Online communities thrive on uncertainty. But many community professionals still reach for rigid strategic plans over flexible experimentation. What if we embraced unpredictability instead?

In recent years, many community professionals, especially those entering the space amid the pandemic and Web3/NFT boom, have craved more structure and planning models to apply to their work. It’s not unusual to see community managers share Notion templates, editorial calendars, budget sheets, and various frameworks to impose order on community building.

This desire for repeatable processes is understandable – as a relatively new profession, community management lacked established playbooks. The instinct is often to compensate by over-planning. I suspect that many of us also hoped structured processes would earn respect for community work as a complex discipline, not just an “easy” job.

However, as agile software teams realized long ago, excessive rigidity through linear, rote processes (i.e., waterfall development) fails in a volatile, uncertain, complex, and ambiguous (VUCA) world. Regularly. 

While some structure is useful, today’s unpredictable environments require adopting flexible planning approaches.

Concepts like agility, optionality, and antifragility allow for controlled improvisation. They balance the need for high-level vision with embracing uncertainty through iterative experimentation. 

As community builders, we can tap into these methods to create resilient and adaptable plans. The answer lies between overly rigid strategic plans and complete ad-hoc anarchy.

Agility, antifragility and optionality

While rigid strategic plans falter in uncertain conditions, what practical frameworks can community builders use instead? Two related terms can provide guidance: agility and antifragility.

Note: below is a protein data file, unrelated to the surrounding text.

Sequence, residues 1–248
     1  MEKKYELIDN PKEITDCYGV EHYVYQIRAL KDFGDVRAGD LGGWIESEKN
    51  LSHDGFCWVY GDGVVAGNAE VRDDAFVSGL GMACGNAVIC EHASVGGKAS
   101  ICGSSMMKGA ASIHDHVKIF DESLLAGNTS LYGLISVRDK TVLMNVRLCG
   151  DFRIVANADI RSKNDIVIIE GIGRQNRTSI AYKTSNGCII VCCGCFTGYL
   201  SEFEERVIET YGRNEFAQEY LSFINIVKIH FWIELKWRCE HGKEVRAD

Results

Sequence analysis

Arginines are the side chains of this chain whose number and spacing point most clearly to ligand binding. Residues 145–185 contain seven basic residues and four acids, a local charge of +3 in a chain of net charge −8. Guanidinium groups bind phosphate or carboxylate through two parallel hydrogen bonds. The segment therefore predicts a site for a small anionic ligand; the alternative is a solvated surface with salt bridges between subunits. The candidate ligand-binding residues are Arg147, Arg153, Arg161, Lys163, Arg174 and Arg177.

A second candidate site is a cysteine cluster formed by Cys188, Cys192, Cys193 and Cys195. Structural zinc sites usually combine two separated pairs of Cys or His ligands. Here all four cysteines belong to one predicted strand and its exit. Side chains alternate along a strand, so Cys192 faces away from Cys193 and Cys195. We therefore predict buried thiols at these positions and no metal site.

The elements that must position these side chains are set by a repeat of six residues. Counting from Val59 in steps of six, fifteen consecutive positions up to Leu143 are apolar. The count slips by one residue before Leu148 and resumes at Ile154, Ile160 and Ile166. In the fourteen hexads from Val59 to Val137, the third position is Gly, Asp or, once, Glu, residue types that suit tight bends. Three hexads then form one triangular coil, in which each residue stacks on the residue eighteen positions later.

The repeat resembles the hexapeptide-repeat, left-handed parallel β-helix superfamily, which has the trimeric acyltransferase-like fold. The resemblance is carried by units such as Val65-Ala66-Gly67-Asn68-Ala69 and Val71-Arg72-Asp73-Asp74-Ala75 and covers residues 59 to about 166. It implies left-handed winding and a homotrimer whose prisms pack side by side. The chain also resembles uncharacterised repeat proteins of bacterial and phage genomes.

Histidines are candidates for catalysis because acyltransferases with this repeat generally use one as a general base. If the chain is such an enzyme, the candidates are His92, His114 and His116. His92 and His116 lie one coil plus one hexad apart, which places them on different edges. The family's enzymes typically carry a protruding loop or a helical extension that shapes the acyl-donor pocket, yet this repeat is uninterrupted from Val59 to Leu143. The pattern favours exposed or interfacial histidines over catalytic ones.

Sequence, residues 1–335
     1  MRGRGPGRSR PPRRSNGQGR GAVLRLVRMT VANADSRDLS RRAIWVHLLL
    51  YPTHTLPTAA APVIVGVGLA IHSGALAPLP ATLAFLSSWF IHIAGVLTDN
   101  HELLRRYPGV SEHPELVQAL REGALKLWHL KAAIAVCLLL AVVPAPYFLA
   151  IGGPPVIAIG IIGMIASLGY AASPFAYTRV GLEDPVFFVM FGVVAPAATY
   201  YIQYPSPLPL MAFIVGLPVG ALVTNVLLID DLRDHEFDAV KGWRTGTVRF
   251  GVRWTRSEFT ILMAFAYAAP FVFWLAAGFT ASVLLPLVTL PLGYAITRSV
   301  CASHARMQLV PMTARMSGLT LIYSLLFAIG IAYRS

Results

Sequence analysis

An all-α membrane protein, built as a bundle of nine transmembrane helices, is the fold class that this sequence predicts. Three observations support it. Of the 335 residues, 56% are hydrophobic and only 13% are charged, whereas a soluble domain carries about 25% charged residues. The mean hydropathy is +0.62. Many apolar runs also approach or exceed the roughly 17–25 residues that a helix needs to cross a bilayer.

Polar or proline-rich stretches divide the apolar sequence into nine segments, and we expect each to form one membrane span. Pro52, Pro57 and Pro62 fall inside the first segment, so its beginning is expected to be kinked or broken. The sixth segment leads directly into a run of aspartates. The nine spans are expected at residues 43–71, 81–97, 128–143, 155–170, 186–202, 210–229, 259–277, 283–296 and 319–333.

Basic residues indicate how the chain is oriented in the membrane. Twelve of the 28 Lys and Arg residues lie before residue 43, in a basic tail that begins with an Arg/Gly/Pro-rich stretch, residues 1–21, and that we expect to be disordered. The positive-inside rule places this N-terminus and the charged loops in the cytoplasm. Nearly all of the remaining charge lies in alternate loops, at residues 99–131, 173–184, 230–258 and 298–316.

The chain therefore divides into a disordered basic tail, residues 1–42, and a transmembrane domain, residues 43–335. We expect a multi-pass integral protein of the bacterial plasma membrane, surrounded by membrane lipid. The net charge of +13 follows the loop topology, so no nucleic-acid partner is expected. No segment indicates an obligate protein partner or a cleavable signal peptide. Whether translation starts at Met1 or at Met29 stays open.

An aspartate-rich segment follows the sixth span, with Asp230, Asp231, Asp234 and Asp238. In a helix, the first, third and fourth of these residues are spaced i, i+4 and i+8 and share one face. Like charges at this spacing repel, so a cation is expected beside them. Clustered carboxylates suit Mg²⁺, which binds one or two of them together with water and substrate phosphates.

Agility emphasizes adapting quickly to change. It originated in software development, which shifted from rigid “waterfall” processes to nimble, iterative models. But agility is now a business mindset for thriving amid volatility.

Building on agility, author Nassim Taleb introduced antifragility—systems that benefit from stress, disorder, or “harms.” As a trader, he saw how properly structured bets could gain from market swings. Antifragile systems improve under stressors that harm fragile ones.

Think of the Marvel Comics superhero, the Incredible Hulk. Central to his character is an ability to thrive upon stressors: literally the more he gets angry (stressed out), the stronger he becomes.

Three key characteristics help to together define antifragility:

  • Asymmetry – the potential gains outweigh potential losses
  • Convexity – the benefits curve upward more steeply than the potential harms
  • Optionality – the flexibility to pivot under uncertainty (roughly equivalent to agility)

With these properties, unpredictability becomes an advantage.

Applying antifragility to community growth strategies

Now that we’ve explored the core concepts behind antifragility, let’s examine how asymmetry, convexity, and optionality can be practically applied to key online community growth strategies. 

While rigid planning may appear safer and is easier to communicate, it can artificially limit potential upside. Building in flexibility provides the opportunity to capture greater benefits amid uncertainty. 

In the following section, we’ll outline examples of antifragile tactics for growing various facets of a community, from engagement to revenue streams. 

By embracing optionality, community managers can craft agile, resilient plans that thrive on unpredictability rather than simply trying to avoid it through excessive structure. The goal is to balance creativity with stability. Let’s explore how that is achieved across different growth goals.

Community Growth StrategyAsymmetry Applied
More win than lose
Convexity Applied
Big gains, small pains
Optionality Applied
Agility to pivot
Membership GrowthFocus on high-value members rather than total numbers.Provide more value to members than required effort for members to join.Experiment with different member outreach approaches.
Engagement GrowthAllow flexibility in participation methodsRecognize all contributions, small or large.Enable members to pivot how they engage over time.
Retention GrowthPrioritize understanding of member needs.Strengthen member relationships and sense of belonging.Continuously adapt retention programs based on feedback.
Content CreationEmphasize quality over quantity guidelines.Encourage members to build on others’ content.Accommodate a wide range of contribution formats.
Knowledge SharingReward helping others over rigid targets.Make it easy to share knowledge vs. hoard it.Develop streamlined flows for exchanging expertise.
Advocacy GrowthHighlight authentic brand connections.Amplify member initiatives supporting the brand.Support grassroots advocacy efforts.